Pope Decries ‘Scourge of Sexual Abuse Perpetrated by Ecclesiastics’

U.S. Catholics
FILIPPO MONTEFORTE/AFP/Getty Images
THOMAS D. WILLIAMS, PH.D.

Pope Francis opened the landmark Vatican summit on clerical sex abuse Thursday morning by urging his fellow bishops to “hear the cry of the little ones who plead for justice.”

The pope told the 190 heads of bishops’ conferences and religious superiors that he had called them to the Vatican in light of “the scourge of sexual abuse perpetrated by ecclesiastics to the great harm of minors.”

“In this meeting, we sense the weight of the pastoral and ecclesial responsibility that obliges us to discuss together, in a synodal, frank and in-depth manner, how to confront this evil afflicting the Church and humanity,” Francis said.

He added that mere condemnations and hand-wringing are insufficient and that practical measures to address clerical sex abuse are imperative.

“The holy People of God looks to us, and expects from us not simple and predictable condemnations, but concrete and effective measures to be undertaken. We need to be concrete,” he said.

The pope also said that the materials offered to the participants in the summit are meant as a subsidiary aid to help guide discussions, but not to condition them.

“They are a simple point of departure that came from you and now return to you. They are not meant to detract from the creativity needed in this meeting,” he said.

“Finally, I ask the Holy Spirit to sustain us throughout these days, and to help us to turn this evil into an opportunity for awareness and purification,” he said.

In past days, observers have suggested that the three-day summit may be insufficient to deal with the problem in all its breadth.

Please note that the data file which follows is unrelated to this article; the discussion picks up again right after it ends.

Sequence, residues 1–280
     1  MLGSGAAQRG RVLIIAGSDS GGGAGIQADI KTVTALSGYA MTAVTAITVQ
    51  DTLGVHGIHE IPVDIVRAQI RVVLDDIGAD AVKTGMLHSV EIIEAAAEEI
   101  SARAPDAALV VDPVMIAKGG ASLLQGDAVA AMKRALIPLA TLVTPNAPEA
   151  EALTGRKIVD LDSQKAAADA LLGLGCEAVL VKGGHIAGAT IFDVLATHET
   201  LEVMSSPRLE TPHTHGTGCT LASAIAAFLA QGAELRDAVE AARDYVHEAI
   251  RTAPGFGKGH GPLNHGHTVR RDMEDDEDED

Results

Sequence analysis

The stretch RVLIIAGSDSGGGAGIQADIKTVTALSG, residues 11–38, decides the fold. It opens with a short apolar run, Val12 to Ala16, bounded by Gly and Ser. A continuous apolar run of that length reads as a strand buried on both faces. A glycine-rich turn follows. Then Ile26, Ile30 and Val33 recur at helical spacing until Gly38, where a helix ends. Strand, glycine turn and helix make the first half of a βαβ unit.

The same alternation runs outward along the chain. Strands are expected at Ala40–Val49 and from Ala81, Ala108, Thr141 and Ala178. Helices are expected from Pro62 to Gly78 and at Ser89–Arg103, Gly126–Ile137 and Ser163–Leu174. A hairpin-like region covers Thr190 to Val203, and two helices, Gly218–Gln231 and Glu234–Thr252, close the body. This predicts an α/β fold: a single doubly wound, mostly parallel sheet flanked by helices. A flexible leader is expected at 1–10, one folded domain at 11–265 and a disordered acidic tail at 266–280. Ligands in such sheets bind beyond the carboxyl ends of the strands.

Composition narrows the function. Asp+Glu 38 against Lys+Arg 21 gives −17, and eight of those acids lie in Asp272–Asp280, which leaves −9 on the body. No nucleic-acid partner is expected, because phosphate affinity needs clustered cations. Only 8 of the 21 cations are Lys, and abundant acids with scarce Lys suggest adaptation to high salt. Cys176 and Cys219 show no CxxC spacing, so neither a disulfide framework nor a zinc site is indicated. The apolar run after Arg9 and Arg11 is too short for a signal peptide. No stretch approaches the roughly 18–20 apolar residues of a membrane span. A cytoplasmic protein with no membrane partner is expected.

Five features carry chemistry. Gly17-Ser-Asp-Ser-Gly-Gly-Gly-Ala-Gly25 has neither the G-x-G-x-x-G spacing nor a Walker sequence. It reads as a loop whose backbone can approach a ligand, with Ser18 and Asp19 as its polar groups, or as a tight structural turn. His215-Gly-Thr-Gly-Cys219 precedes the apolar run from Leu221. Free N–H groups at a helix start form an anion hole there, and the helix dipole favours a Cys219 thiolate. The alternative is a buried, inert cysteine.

Jesuit Father Thomas Reese, for example, wrote in January that the Vatican summit “will fail” because it will not deliver what abuse victims, the media, and the faithful are hoping for.

The former editor-in-chief of America magazine said that “four days is much too short a time to deal with such an important and complicated issue,” suggesting that the program for the event is far too ambitious and will barely scratch the surface of the problem.

Meanwhile, a former papal nuncio to the United States expressed his doubts as well, suggesting that the meeting will be plagued by an unwillingness to address the root causes of the crisis, notably the extensive homosexual network in the Church.

“Why does the word ‘homosexuality’ never appear in recent official documents of the Holy See?” asked Archbishop Carlo Maria Viganò in a recent symposium, noting that “the overwhelming majority of abuse has been inflicted on post-pubescent boys by homosexual clerics.”

“It is mere hypocrisy to condemn the abuse and claim to sympathize with the victims without facing up to this fact honestly. A spiritual revitalization of the clergy is necessary, but it will be ultimately ineffectual if it does not address this problem,” the archbishop stated.

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